Hacktivist 2

Hacktivist Issue 2 Review

Collin Kelly
Jack Lanzing
Alyssa Milano
Ian Herring
Marcus To
Published by:


To say I wasn’t overly happy with issue 1 was an understatement; an ode to the power of the internet, it had its heart in the right place but it fumbled the implementation at almost every step. Issue 2 goes some way towards implementing changes that alleviate these problems.

For one, things start to unravel. The announcement of the offer made to them last issue by a US Government drives a firm wedge between our two protagonists Nate and Ed. What was a playful,
occasionally bitter bromance is now shattered, as Nate takes the agencies offer and pulls off a successful mission. Ed just sulks in his office listening to Fight the Power and plotting.

This leads to some payoff to the scene of Ed drawing circles on the windows from last issue. It turns out, he’s so smart and focused on looking for patterns that he’s found a way to implement that on macro (the much vaulted computer hardware they have) and the micro scale, as he plans his escape from a company he no longer trusts using patterns in people and events he has observed.

Naturally, he does all this whilst causing as much damage as possible; quite why he just doesn’t walk out the door of the office building he owns and disappear discreetly doesn’t occur to him I
guess. I’m guessing the writer wanted to make their message of ‘F@%* Big Government- Go Big Business our Saviours’ just a little more obvious after hitting you over the head with it for an issue and a bit.

One thing I do have to compliment, is how during those pages, there’s a sense of dynamic flow and energy that just isn’t in the rest of the issue. Perhaps it’s a case of tune in for the action, but just try to phase out the message?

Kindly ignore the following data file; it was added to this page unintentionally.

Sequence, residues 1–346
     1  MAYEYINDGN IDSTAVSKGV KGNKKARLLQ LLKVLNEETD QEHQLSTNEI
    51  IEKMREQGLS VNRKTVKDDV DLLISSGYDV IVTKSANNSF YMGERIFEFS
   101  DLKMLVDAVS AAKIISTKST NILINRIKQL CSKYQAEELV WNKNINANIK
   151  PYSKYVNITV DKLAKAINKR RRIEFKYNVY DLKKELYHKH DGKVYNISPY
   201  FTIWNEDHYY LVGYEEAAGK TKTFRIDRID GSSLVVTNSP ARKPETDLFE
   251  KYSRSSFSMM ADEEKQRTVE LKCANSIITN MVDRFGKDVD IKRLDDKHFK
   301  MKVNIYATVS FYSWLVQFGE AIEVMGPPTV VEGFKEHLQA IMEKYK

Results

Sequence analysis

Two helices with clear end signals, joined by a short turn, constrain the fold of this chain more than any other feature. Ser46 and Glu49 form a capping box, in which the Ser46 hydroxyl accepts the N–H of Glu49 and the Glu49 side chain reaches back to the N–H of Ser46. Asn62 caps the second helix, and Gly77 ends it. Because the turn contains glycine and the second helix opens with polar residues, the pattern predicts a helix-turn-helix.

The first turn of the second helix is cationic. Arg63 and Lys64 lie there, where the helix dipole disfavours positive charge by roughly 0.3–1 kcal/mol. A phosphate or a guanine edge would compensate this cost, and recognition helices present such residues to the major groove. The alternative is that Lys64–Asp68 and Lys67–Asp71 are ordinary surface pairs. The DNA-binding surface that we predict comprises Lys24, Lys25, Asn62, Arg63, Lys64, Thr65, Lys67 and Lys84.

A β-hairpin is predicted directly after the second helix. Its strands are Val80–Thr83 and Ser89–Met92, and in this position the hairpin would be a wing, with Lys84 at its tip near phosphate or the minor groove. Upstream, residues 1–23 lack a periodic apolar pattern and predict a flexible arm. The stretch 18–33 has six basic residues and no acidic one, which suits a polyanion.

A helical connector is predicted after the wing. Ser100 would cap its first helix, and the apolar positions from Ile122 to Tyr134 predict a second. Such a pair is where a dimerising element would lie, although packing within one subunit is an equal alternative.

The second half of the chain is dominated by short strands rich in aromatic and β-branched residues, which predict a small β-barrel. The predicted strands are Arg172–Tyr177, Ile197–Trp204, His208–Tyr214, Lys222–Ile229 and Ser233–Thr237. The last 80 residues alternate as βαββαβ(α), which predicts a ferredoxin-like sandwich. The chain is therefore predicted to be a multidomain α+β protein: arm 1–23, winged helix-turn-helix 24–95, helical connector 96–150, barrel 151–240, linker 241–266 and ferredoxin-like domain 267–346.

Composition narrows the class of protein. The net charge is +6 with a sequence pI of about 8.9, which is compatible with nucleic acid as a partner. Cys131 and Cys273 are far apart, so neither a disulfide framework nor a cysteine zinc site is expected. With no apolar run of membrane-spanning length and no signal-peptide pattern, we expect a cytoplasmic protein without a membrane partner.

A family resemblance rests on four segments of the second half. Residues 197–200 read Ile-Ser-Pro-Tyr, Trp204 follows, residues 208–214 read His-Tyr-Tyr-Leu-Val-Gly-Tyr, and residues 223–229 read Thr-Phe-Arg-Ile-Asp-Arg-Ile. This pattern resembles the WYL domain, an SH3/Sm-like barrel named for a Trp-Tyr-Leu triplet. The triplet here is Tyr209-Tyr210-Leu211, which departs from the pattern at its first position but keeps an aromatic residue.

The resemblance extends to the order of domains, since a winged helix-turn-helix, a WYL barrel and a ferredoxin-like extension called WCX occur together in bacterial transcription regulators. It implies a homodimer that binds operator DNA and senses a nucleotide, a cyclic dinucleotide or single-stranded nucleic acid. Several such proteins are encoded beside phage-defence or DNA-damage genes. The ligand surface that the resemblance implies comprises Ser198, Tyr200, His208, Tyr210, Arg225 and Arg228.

In the end, I did enjoy this issue more. There are a lot of things happening in this issue as it heads towards the half way point of the mini series. It just seems very confused about what its trying to say, with no real exploration of the nuances of the situation. I get that mini series have to streamline themselves a bit due to the limited pages they are allowed, but the writer has spent two issues focusing on everything but the ‘activist’ part of Hacktivist.

Perhaps the next two issues will bring a reversal of fortunes. But following the message lain down by this comic, William Gibson’s Neuromancer is a world to aspire to, rather than horrible nightmare.

Now tell me that’s not an example of a bungled idea.
You can buy Hacktivist #2 from Comixology, or all good comic book stores.

Reece Morris-Jones knows you can’t trust the system. Help him overthrow something with hashtags and humour @ReecemJones

Geek-o-Rama received a copy of this comic for the purpose of this review. All thoughts, comments and opinions are those of the individual reviewer.

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